If an address string is enclosed by parentheses or brackets, the whole is called a "link." Examples: " [Ref-1]" is a link pointing to that item in the Reference section below; "(OAC84-Draft,3B)" would point to Paragraph 3B in the document file named "OAC84-Draft." Links may be created and edited just as any other text, and may be embedded anywhere in the text of an AUGMENT document. They are understood by a reader to be a citation that "links" this location to some other document entity or place. It is useful to consider the address in a link as specifying a path leading to the cited object.5f

A reader who wanted to take a look at the place or entity at the other end of a link could execute a "Jump (to) Address" command and type in the corresponding address string -- whereupon AUGMENT would then change the view in a designated display window to be positioned in the designated document at the designated location.5g

Alternatively the reader could use a "Jump (on) Link" command, and merely: (a) point to the embedded link; then (b) point to the window in which he wanted the cited passage to be displayed. AUGMENT would extract the destination address from the link (instead of expecting the user to type it) and display the referenced passage in the indicated window. For instance, when reading the text of this OAC84 document on line, an AUGMENT user could do a Jump Link on one of the reference citations (which are bonafide links) and immediately be shown the associated citation statement.5h

A very useful, "indirect addressing" provision may be employed in a link's address string. This amounts to saying, "when your path reaches Location X, scan along the text there until you find the next link, and then follow that second link to its destination." This provision may be employed through an indefinite number of indirect links. That is, this second link at Location X may in fact contain a similar indirect-address expression -- i.e. "proceed to Location Y and follow the link you find there" -- etc.5i

Example: "(Ref-1.l)". To follow this link, the AUGMENT Jump Link command would find the statement in this document that has been named "Ref-1" (in the Reference Section below), scan along that statement's text to the first link, "(AUGMENT,71279,)", and then follow that link. The user would be shown the opening section of document 71279 (from the AUGMENT Journal -- see below -- containing the complete text of the published document cited in [Ref-1]). 5j


In timesharing environments, users have grown accustomed to being able to share the use of files in the process of collaboration. Users of stand-alone workstations and personal computers generally haven't benefitted from this. The emerging wide-band interconnection options (e.g. local-area networks and public, packet networks) and the integration of file servers into on-line working environments will bring shared-file collaboration into much more prevalence.6a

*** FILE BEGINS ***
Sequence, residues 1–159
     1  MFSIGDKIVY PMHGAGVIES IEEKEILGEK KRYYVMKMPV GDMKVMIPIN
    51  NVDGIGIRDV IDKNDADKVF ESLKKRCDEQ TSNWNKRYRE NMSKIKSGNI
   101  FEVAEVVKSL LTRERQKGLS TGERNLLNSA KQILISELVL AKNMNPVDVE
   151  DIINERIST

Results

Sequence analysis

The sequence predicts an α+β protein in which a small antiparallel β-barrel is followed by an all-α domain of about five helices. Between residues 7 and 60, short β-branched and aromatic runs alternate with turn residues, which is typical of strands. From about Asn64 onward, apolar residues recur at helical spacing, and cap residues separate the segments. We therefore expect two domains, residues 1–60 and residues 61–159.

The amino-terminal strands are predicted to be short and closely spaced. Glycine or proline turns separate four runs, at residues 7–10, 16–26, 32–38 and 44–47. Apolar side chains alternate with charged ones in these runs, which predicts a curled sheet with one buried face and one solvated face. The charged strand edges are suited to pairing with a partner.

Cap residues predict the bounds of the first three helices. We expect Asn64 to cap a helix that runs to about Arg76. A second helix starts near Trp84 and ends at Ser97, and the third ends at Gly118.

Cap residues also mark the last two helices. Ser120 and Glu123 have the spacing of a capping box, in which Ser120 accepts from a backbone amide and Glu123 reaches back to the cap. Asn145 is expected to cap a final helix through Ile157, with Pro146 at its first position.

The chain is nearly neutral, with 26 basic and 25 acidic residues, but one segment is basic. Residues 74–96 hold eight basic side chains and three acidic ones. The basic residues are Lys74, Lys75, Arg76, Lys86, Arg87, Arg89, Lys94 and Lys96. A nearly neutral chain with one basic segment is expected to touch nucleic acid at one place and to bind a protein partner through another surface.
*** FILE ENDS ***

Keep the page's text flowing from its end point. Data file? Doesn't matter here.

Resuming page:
AUGMENT's architecture and general design philosophy assume this kind of working environment. Files containing the hierarchically stored information can be made available to any selected participants, utilizing a number of agreed-upon options for privacy and access. Geographical distances separating collaborators become transparent with remote computer access through networks.6b

By employing the above-described, embedded links, these files may be interlinked to create a shared network of information. A jointly developed document for instance begins with the entry of the ideas and continues with the elaboration of the idea nodes into a narrative by each member of the collaborating team. In the case of a single product by a team effort (a proposal, report, study, etc.), agreements must be made to control access to specific files.6c

The effect on the document as each person adds to, manipulates, and studies the common information is equivalent to passing around a paper draft for comments. But here the drafts are distributed very quickly and there is no retyping phase; the material can constantly reflect the latest modifications for all involved to see and use.6d

Expanded, shared spaces require some retrieval support, which can take many forms. For file sharing, the use of an on-line table of contents is generally pertinent. The table of contents for public files (or private subsets) consists of lists of titles and names of files, abstract-like descriptions, with links to desired nodes in each file. The table of contents (a "locator") is hierarchically organized, permitting categorical relationships and viewing that facilitate searching the locator.6e